Running a business at the scale of Amazon, we often have to solve problems that no other company has faced before. The disadvantage of this is that there is no “how to” guide for us—a lot is unknown. However, the advantage is that when we solve a new problem, it’s an opportunity to reinvent our services and create new benefits for our customers. Indeed, we have created some of our most innovative and successful ideas when we have entered unchartered territory.
When you’re a customer-centric company, you often find yourself in the great unknown because customers will always want more and better. You will need to invent on their behalf. A great example of this approach to innovation and problem solving is the creation of the AWS Nitro System, the underlying platform for our EC2 instances.
After years of optimizing traditional virtualization systems to the limit, we knew we had to make a dramatic change in the architecture if we were going to continue to increase performance and security for our customers. This realization forced us to rethink everything and became the spark for our creating the Nitro System, the first infrastructure platform to offload virtualization functions to dedicated hardware and software. Now, with the Nitro System, we can offer the best price performance in the cloud, the most secure environment, and a faster pace of innovation.
I have always been very fortunate to meet our AWS customers where they have most impact, at their customers. Many of these AWS customers are solving really hard human problems, in ways that is extremely inspiring for any builder, like me. That became the inspiration for the Now Go Build series that chronicles my conversations with these innovators and their customers.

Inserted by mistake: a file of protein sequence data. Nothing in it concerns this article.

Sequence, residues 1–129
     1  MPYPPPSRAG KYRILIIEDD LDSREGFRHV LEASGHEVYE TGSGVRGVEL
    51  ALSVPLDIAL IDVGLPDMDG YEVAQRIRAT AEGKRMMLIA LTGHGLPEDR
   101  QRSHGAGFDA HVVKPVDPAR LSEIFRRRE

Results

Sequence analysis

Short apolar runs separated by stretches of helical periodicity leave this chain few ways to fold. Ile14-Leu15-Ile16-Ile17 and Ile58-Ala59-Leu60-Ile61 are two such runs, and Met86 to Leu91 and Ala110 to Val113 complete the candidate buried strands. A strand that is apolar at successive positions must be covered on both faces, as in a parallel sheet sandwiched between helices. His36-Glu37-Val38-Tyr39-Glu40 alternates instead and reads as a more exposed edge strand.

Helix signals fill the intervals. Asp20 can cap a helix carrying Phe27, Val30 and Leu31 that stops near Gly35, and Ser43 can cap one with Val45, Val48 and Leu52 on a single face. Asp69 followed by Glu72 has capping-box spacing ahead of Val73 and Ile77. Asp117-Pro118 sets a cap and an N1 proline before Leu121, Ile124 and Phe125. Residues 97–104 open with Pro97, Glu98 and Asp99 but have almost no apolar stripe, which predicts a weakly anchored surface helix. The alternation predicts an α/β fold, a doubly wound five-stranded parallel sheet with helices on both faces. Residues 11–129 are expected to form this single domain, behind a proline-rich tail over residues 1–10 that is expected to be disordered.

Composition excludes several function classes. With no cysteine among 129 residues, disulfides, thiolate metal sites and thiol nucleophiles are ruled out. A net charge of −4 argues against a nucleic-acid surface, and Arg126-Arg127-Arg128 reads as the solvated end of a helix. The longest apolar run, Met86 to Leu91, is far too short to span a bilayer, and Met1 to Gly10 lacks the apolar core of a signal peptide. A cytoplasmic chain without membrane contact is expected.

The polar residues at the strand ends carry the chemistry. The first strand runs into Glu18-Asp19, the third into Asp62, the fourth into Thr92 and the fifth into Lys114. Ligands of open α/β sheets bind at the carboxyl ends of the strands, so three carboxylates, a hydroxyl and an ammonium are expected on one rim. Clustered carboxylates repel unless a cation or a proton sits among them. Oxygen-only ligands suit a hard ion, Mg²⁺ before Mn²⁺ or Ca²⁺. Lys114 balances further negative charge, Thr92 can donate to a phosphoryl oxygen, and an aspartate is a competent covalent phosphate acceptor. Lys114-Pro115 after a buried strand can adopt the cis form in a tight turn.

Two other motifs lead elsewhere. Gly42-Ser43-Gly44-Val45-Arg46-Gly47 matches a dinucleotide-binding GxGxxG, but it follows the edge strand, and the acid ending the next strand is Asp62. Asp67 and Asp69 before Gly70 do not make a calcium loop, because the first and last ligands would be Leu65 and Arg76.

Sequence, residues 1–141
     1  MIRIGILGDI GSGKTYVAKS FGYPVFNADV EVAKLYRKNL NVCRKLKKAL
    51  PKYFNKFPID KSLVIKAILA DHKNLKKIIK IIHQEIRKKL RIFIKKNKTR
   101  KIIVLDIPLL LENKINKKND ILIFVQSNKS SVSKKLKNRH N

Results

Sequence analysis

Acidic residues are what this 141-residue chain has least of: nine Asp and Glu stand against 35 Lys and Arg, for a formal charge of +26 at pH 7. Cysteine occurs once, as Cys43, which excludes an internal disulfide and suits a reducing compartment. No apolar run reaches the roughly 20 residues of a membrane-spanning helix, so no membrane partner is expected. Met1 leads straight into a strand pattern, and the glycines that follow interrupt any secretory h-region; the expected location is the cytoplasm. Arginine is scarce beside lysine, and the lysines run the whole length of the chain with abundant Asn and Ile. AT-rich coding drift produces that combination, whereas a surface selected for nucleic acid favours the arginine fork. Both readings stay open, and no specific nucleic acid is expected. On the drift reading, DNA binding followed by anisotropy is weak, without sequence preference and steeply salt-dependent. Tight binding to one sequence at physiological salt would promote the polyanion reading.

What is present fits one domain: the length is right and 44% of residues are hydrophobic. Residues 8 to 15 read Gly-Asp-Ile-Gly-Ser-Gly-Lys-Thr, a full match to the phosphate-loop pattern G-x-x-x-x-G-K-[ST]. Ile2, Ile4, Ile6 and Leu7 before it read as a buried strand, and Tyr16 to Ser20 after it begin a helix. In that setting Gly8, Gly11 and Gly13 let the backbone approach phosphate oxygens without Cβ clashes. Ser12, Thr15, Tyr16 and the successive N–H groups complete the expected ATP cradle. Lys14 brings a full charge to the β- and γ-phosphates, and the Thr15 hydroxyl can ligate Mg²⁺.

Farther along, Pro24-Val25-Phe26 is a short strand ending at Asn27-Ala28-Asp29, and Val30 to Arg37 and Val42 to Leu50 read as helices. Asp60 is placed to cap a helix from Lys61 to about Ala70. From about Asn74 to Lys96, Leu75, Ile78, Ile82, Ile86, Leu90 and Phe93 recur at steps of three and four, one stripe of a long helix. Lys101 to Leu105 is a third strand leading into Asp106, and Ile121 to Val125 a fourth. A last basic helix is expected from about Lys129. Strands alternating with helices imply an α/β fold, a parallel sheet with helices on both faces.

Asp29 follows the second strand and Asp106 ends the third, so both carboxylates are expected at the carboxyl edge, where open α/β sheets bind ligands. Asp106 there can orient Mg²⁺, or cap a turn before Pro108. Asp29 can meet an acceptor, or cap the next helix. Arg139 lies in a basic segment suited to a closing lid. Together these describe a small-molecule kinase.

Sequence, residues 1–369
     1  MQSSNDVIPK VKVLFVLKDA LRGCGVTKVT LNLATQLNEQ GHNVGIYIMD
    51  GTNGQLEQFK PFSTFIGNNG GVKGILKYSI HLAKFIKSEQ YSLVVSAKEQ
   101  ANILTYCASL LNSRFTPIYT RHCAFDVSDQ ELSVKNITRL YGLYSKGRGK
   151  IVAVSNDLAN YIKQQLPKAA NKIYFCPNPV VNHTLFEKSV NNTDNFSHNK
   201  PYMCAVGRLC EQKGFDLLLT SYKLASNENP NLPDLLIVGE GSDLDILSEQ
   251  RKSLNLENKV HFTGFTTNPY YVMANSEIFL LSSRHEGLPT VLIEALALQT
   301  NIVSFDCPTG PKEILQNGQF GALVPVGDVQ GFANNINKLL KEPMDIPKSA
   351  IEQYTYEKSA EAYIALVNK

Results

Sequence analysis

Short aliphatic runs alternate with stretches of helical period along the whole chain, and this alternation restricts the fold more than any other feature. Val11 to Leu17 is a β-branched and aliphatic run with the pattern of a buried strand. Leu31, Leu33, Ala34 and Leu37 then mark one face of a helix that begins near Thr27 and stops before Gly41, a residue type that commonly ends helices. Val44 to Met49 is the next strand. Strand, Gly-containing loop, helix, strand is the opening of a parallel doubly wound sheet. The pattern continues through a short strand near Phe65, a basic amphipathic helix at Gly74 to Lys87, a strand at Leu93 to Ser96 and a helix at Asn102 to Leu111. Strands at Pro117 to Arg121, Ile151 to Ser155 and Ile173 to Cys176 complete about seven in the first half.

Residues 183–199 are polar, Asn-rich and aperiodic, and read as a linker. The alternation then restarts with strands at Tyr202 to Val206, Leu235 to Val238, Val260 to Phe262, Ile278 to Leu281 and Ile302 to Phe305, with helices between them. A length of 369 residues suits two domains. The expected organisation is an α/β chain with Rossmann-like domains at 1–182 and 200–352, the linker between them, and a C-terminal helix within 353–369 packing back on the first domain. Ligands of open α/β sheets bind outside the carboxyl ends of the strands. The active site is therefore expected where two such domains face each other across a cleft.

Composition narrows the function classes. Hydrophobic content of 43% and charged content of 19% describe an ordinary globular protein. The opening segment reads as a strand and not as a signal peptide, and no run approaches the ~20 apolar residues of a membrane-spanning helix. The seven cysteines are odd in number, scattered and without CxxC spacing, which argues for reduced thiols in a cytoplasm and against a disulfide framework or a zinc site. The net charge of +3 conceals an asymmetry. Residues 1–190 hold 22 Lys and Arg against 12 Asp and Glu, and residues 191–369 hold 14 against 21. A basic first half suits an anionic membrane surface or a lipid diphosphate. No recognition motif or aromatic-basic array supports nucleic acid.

In the first season, we had a wonderful diverse group of young businesses showing their impact on the world. From providing identity to smallholder farms in Indonesia to healthcare in Brazil and conservation in South Africa.
The second season that we are launching today will again have four wonderful stories. In the coming weeks I will go into more detail, but these are the first three:
A few days ago I was fortunate to pick up a copy of a book that had a major impact on my early career as kernel engineer;
The Design and Implementation of the 4.3 BSD UNIX Operating System by Samuel J. Leffler, Marshall Kirk McKusick, Michael J. Karels and John S. Quarterman.
It was the first authoritative description of Berkeley UNIX, its design and implementation. The book covers the internal structure of the 4.3 BSD systems and the concepts, data structures and algorithms used in implementing the system facilities. But most importantly it was written by practitioners and builders and as such gave insights that academic text book would never give you.
In those days I was doing an internship at NIKHEF who were still using a collection of PDP 11s and one of my tasks was to get BSD2.9 to run on them. Lots of late nights and head scratching, but got it done eventually. I did learn how to boot from tape, over and over again (Zen!!). When I returned to school, they were about to decommission a PDP 11. I convinced them to put it in a old (big) cleaning closet, upgrade the power to the room, and I went right back to building out my BSD kernel expertise. I started late at Computer Science (28) but worked hard to catch up by getting my hands dirty.
When I posted on twitter I found of the book, many of our peers came up with a list of other books I had also read from that era.